Thoughtful Abstractions

The Social world is complex, contextual, adaptive. There are no quick fixes: instead, our focus should be on how we create the conditions for success. As i sit on the train, writing, there is an advert in front of me. “Step aside fate, it’s time science had a go at love”. The notion that we can find the ‘answer’ to love is counterintuitive. Love (like trust) is not a deterministic response: i can’t ‘do’ something to determine, with assuredness, that you will love me, although, perversely, it’s the things we do that make us fall in love. An element of love may be causal (the things i do may cause certain responses), but there is more to it than cause alone. “Imagine being able to stack the odds of finding lasting love entirely in your favour”, the advert continues. Well, maybe that is more the point: whilst we cannot ‘determine’ love, we may be able to improve the odds. And whilst we may not be able to own, or control, complex social systems, we may be able to stack the odds there too.

Thoughtful Abstractions

We do so not by seeking deterministic relationships, but rather by seeking to understand. Most of my own work falls in this space: it’s abstraction really, not a truth, but a representation of an observed truth. These abstractions are how we understand the world: generalisable truths, observations of cause. Abstractions suit social situations which are often counter intuitive and just plain emotional. No matter how ‘logical’ a particular outcome would be, there is no assurance that we will ‘feel’ something is right or good.

Organisations are used to operating within the formal space: in this space, they can own and control every formal element. They can change contracts, physical spaces, they can change purpose and they own the application of consequence. But that does not give them ownership, or even sight of, culture, and it certainly does not give them momentum in change.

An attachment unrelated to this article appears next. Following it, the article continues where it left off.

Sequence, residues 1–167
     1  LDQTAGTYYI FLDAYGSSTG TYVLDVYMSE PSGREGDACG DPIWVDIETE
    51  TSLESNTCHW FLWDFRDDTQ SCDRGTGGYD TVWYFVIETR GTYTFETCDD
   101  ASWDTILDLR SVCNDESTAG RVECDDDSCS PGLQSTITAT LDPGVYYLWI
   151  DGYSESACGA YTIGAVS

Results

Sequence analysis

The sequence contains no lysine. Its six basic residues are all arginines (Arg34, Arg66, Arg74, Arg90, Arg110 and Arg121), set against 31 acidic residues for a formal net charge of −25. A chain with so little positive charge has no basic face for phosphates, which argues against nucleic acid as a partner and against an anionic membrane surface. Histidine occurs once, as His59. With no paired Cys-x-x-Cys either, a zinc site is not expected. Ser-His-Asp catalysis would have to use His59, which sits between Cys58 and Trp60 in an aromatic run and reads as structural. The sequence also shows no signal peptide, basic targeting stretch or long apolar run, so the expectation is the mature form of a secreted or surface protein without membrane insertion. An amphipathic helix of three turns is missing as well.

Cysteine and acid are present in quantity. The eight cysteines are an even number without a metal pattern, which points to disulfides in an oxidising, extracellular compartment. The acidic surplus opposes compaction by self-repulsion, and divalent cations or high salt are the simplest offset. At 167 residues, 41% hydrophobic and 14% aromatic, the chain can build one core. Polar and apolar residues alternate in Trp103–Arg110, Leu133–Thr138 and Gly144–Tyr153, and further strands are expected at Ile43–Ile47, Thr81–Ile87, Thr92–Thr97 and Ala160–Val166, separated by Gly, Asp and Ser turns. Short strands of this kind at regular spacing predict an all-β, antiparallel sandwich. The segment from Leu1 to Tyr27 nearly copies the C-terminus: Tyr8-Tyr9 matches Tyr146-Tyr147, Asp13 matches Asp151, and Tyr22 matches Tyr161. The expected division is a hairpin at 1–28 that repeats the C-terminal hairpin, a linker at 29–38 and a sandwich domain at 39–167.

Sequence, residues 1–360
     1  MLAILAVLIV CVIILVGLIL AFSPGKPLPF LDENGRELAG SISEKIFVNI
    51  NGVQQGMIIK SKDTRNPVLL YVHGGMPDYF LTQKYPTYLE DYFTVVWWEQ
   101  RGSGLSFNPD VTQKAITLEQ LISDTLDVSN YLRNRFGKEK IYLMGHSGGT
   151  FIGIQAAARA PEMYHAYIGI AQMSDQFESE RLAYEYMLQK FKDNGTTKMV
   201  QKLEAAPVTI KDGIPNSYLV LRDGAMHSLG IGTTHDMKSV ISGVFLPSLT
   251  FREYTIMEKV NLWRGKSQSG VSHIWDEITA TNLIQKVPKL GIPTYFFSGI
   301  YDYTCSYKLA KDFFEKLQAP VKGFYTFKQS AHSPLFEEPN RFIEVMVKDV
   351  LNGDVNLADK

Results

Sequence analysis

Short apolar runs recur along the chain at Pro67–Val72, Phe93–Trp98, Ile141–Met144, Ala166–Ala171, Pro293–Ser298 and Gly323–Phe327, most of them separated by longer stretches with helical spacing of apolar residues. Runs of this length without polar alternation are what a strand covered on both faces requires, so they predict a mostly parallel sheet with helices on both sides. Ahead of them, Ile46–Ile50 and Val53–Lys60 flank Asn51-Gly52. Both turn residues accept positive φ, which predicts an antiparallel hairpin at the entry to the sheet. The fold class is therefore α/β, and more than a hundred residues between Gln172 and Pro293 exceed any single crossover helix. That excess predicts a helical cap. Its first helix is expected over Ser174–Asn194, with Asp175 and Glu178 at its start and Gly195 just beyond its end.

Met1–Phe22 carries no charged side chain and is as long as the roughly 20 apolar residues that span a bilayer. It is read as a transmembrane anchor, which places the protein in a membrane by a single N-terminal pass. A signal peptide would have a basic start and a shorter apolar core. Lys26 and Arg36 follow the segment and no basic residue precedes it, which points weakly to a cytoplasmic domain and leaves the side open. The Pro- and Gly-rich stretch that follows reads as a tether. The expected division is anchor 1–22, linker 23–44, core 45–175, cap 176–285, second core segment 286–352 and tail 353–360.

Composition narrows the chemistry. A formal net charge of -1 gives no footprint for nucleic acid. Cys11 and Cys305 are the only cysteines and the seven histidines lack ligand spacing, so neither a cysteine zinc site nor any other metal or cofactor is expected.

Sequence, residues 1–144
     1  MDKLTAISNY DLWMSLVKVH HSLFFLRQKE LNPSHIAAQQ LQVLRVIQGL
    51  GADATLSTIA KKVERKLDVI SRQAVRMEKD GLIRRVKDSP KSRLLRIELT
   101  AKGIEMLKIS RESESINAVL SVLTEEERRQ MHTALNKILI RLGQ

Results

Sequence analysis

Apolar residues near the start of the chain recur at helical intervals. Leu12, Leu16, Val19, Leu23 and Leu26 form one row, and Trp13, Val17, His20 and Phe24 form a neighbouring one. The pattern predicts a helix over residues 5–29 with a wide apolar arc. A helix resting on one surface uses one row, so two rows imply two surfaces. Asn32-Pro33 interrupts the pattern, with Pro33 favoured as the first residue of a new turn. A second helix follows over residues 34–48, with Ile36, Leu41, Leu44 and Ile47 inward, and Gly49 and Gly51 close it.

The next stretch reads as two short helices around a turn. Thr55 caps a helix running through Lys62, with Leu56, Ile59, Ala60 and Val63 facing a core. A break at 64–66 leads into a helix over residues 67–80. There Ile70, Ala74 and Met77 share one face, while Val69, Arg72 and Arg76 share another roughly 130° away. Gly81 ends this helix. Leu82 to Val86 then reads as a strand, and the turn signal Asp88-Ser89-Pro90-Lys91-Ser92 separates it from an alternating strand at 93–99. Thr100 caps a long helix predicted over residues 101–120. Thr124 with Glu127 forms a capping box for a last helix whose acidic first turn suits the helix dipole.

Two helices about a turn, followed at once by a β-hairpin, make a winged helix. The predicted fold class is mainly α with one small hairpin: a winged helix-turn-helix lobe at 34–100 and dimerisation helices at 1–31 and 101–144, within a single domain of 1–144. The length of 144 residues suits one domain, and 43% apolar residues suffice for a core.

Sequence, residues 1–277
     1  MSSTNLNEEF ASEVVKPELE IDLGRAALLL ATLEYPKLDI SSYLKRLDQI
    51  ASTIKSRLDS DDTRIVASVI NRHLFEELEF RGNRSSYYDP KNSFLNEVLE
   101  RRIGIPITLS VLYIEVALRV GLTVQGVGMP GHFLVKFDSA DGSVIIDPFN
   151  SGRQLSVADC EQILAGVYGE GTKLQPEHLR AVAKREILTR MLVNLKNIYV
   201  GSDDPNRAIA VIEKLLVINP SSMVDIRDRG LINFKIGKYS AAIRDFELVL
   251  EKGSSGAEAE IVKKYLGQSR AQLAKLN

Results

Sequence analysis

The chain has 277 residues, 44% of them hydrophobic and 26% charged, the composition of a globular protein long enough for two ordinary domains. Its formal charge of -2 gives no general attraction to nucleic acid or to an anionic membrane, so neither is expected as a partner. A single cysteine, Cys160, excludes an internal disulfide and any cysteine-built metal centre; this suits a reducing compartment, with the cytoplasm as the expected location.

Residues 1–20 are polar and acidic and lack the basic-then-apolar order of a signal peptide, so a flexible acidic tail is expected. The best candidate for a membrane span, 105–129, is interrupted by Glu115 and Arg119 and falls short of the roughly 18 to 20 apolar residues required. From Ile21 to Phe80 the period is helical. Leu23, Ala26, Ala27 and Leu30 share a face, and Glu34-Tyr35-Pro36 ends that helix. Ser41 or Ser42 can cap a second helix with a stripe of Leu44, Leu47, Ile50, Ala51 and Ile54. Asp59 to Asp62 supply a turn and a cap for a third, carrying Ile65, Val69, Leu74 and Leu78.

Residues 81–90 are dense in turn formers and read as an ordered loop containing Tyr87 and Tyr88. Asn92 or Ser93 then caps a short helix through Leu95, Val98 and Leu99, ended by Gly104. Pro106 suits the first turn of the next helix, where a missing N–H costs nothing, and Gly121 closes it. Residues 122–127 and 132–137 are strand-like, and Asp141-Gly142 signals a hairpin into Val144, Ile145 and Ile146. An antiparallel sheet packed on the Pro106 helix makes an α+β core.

Within the social system, we move beyond logic, into a different space: we can seek to build out abstractions, and use that understanding to shape our actions. So to develop Social Leadership, we build broad understanding, we develop reflective abstractions, to help us understand how things may operate, and we build high Social Capital to help us guide and react to the ways things actually pan out.

All this is at the front of my head right now because i’m starting to share the work on Trust quite widely. I’m sharing it, but i have no deterministic answers: there is not answer to ‘what we do about trust’. There is simply the potential of reflective abstractions: if we understand ways that trust may work, based upon observation and storytelling, if we understand environmental influences, such as culture and gender, and if we are willing to act with humility, and to learn, then we may become more adept at fostering a culture of trust. We may learn to create the spaces where trust will emerge. Some aspects we can influence but the answer will never be a process, it will start in the head and, perhaps like love, it may flourish from there.

Abstractions are not answers, but if we are reflective, and willing to learn, then they may still help us find solutions.

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About julianstodd

A learning and development professional specialising in e-learning and learning technology.
This entry was posted in Reflection and tagged , , , . Bookmark the permalink.

2 Responses to Thoughtful Abstractions

  1. Lee says:

    Your linking of love and trust intrigued me as trust (loss of or lack of) is one of the most often used reasons for the breakdown of love. Through your work on trust I wonder if you will uncover some of the conditions that exist to foster love….certainly of interest to the dating website your reference in your article.

    • julianstodd says:

      It’s quite interesting in the narrative responses to ‘what does Trust mean to you’ in the research: some people say trust is ‘love’, for others it’s ‘faith’, and for some it’s ‘reciprocity’. A very broad range of responses…

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